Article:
By Byaruhanga Felix (@TheNinjaFelix)
Pryce Teeba is one of the “new skool” rappers who’ve made a mark on the UG hip-hop industry this year. I got to know about Pryce’s works late 2014 when I was working on the 2014 Top New Skool Rappers article. As 2015 started with Baru’s Redefinitions I was given his debut mixtape “Kiwede” which made me more familiar with his work and Pryce as a rapper. In the process, it made me more eager to listen to the projects he was to release this year. As you listen to Pryce’s Kiwede tape and compare it to the projects he has released this year you realize there’s a huge difference and growth he has made as a rapper. Early last week I made a trip to Dustville studios and one thing you notice as you enter is that all hands are on deck. From Pryce, Aggrey, Baru to Micheal everyone is putting in work to make sure the mixtape is packaged and released on time.
As I settled in they played for me the mixtape track by track as I asked questions and they gladly answered them. As you listen to the tape you notice that they have taken a different approach to everything to achieve something what is not out in the market. The sound is totally different from what we have on our playlists especially for a lugaflow rapper and as I made those comments Micheal looks across and says”that’s what we were trying to achieve”. In away personally, I feel like Baru has cultivated a sound for Dustville artists and it’s something he has gradually developed. Even when you go way back and listen to tracks like Talk Around Here by Patrobas, his Redefinitions and recently Side Zeno. Each song is totally different from the previous song you’ve listened to but still holds the concept of “Kambajulire”. The title of the mixtape loosely translates to “Let me serve you” and when I ask him how the name came about, Pryce says “I feel like UG hip-hop industry needs a change, our diet of music has been the same. I think it’s my time to serve my people a different diet. That’s how I came up with ‘KAMBAJULIRE’ “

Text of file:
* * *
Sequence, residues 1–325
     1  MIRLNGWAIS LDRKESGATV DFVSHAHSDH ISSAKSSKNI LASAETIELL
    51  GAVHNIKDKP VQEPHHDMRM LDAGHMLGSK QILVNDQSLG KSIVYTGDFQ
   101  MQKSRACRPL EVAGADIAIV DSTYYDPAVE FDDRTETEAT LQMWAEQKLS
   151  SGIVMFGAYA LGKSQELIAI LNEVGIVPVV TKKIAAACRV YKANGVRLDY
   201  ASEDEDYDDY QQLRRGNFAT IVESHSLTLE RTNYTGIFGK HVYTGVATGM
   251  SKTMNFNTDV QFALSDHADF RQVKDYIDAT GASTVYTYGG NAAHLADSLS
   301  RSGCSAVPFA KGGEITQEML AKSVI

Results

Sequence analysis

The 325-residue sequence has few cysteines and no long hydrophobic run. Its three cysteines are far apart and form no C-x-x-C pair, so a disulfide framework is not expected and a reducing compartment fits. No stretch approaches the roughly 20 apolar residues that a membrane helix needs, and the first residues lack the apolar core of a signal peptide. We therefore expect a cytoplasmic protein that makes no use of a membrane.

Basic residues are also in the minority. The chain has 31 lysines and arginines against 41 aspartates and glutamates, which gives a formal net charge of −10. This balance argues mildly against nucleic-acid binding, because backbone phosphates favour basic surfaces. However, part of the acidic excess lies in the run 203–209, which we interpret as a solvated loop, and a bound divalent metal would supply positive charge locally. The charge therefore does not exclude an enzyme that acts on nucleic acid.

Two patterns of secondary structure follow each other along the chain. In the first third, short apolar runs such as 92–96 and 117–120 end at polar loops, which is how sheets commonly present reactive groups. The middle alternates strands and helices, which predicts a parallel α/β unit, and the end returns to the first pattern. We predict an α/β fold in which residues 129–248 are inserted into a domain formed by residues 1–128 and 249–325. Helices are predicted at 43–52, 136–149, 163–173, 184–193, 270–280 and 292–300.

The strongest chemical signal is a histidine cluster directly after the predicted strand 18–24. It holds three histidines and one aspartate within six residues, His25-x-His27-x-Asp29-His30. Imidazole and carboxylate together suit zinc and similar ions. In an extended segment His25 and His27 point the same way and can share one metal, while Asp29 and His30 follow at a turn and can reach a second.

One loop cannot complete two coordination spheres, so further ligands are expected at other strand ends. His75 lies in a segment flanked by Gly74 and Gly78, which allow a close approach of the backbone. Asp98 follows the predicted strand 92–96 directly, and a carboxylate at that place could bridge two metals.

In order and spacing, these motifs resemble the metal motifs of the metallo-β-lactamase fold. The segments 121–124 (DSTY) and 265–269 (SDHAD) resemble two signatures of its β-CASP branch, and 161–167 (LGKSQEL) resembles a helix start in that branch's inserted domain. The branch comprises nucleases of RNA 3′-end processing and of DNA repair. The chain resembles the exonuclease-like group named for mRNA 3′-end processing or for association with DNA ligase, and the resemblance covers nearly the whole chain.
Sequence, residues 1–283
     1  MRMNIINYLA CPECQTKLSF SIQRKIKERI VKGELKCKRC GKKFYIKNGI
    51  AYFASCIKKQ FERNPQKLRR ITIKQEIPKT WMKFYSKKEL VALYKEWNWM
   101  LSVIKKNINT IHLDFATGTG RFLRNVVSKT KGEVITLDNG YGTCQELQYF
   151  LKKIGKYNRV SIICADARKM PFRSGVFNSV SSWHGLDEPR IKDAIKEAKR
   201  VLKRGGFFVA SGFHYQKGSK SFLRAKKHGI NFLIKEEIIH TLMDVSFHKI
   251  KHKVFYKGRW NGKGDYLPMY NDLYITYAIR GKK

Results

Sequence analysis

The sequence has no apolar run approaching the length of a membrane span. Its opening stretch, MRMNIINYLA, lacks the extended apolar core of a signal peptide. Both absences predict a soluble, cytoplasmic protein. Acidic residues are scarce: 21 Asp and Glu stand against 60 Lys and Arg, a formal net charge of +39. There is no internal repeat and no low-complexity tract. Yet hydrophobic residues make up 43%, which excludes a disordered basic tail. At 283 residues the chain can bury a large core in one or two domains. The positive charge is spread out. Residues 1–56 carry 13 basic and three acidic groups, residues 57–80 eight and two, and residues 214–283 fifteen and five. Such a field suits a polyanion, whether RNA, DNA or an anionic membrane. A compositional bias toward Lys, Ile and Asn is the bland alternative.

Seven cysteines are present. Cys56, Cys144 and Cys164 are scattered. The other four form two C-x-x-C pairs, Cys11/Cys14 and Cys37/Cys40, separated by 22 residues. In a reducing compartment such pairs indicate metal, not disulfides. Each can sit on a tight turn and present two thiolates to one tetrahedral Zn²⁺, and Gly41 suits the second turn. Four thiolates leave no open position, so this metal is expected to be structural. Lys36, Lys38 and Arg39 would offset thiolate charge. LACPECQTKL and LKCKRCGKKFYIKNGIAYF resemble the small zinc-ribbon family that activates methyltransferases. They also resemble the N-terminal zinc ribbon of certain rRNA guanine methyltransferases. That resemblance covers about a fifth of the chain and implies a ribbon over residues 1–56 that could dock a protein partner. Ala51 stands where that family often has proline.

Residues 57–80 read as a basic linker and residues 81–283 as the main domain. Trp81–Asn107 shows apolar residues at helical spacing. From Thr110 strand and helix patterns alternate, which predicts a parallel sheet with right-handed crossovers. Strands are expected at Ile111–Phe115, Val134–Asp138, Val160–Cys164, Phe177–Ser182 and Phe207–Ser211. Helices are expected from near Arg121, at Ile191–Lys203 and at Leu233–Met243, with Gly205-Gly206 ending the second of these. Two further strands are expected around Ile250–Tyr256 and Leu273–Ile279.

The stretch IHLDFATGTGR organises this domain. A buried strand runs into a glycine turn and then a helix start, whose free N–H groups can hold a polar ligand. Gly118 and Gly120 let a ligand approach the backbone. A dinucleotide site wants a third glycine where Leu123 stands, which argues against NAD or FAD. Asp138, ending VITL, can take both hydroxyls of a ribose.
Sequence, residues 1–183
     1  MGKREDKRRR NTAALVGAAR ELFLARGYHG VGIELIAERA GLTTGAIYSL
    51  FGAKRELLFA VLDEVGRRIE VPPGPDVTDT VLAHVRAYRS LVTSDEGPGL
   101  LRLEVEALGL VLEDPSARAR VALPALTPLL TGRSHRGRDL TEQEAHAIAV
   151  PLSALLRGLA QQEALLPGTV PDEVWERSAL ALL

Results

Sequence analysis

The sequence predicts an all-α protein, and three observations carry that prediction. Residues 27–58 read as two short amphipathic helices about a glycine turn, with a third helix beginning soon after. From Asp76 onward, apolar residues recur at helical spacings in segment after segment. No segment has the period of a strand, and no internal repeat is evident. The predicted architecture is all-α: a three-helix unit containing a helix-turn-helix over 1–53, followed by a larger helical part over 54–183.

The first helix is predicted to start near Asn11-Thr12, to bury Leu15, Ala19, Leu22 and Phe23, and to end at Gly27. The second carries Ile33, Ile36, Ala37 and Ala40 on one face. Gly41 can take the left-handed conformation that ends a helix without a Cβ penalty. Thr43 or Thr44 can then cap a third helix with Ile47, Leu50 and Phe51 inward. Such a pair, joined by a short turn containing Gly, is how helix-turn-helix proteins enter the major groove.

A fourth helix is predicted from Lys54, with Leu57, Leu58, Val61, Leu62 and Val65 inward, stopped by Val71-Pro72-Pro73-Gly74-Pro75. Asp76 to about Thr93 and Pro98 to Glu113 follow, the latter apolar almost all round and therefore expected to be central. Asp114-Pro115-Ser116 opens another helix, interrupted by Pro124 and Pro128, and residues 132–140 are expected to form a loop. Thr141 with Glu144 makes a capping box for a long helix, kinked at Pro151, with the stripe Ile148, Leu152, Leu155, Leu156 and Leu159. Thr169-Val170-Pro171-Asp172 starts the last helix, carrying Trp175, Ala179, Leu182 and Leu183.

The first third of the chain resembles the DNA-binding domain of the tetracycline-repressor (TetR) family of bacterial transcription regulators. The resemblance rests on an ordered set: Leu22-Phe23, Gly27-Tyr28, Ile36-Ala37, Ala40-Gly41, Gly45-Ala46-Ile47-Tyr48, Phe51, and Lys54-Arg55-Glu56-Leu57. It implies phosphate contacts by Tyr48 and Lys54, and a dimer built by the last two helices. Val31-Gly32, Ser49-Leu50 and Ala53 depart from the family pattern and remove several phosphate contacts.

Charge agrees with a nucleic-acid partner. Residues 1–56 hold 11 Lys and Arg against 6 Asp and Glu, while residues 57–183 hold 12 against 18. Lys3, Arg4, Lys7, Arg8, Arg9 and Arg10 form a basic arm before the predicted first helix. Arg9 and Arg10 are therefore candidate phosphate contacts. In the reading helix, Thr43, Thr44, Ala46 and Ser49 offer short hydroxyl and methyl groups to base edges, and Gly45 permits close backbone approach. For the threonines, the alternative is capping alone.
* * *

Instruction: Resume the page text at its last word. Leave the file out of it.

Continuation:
As you dive deep into the mixtape you hear the different guest features which in a way makes this mixtape different from the his debut mixtape kiwede. Features on kiwede weren’t that many and they weren’t big name features like Ruyonga, Don Mc, Abaasa, Big Tril. At the same time he strikes a balance in his features between established rappers and those who are settling into the game setting up their brands/names in the rap industry. Pryce says he likes working with people who have a clue and know about his work.
I feel like Pryce is filling up a space where we haven’t had a lugaflow rapper who is making music for the people to have fun and vibe to in a club but then flip it at the same time and talk about issues in the society on tracks like ‘Mubajjune” off kiwedde. Yeah sure we have people like the storyteller St. Nellysade, Mun*G but the approach is different and everyone brings something different to the table. “I think KAMBAJULIRE describes the maturity in everything wordplay, delivery, confidence and the beats. It’s more of club than Kiwedde” Pryce describes “Kambajulire”.
To people like Baru, the tape is sounds more mature content wise, production wise and the way its put together as a whole. “The whole sound is more appealing. It represents both growth and skill.Hopefully it will change the game.” Baru’s view on Kambajulire. Speaking of changing the you’ve tracks like “Njabala” where Pryce samples one of those folk songs they used to tell in stories. With a proper push that’s a song that an break boundaries not only for Pryce but UG hip-hop in general. A song that may have rotation on radios like CBS or simba FM and in the process more people from the “kidandali” can pay attention to hip-hop. The tape comes out on 23rd December at kay Club Centenary Park, entrance will be free and he tape will cost 10k make sure you get it.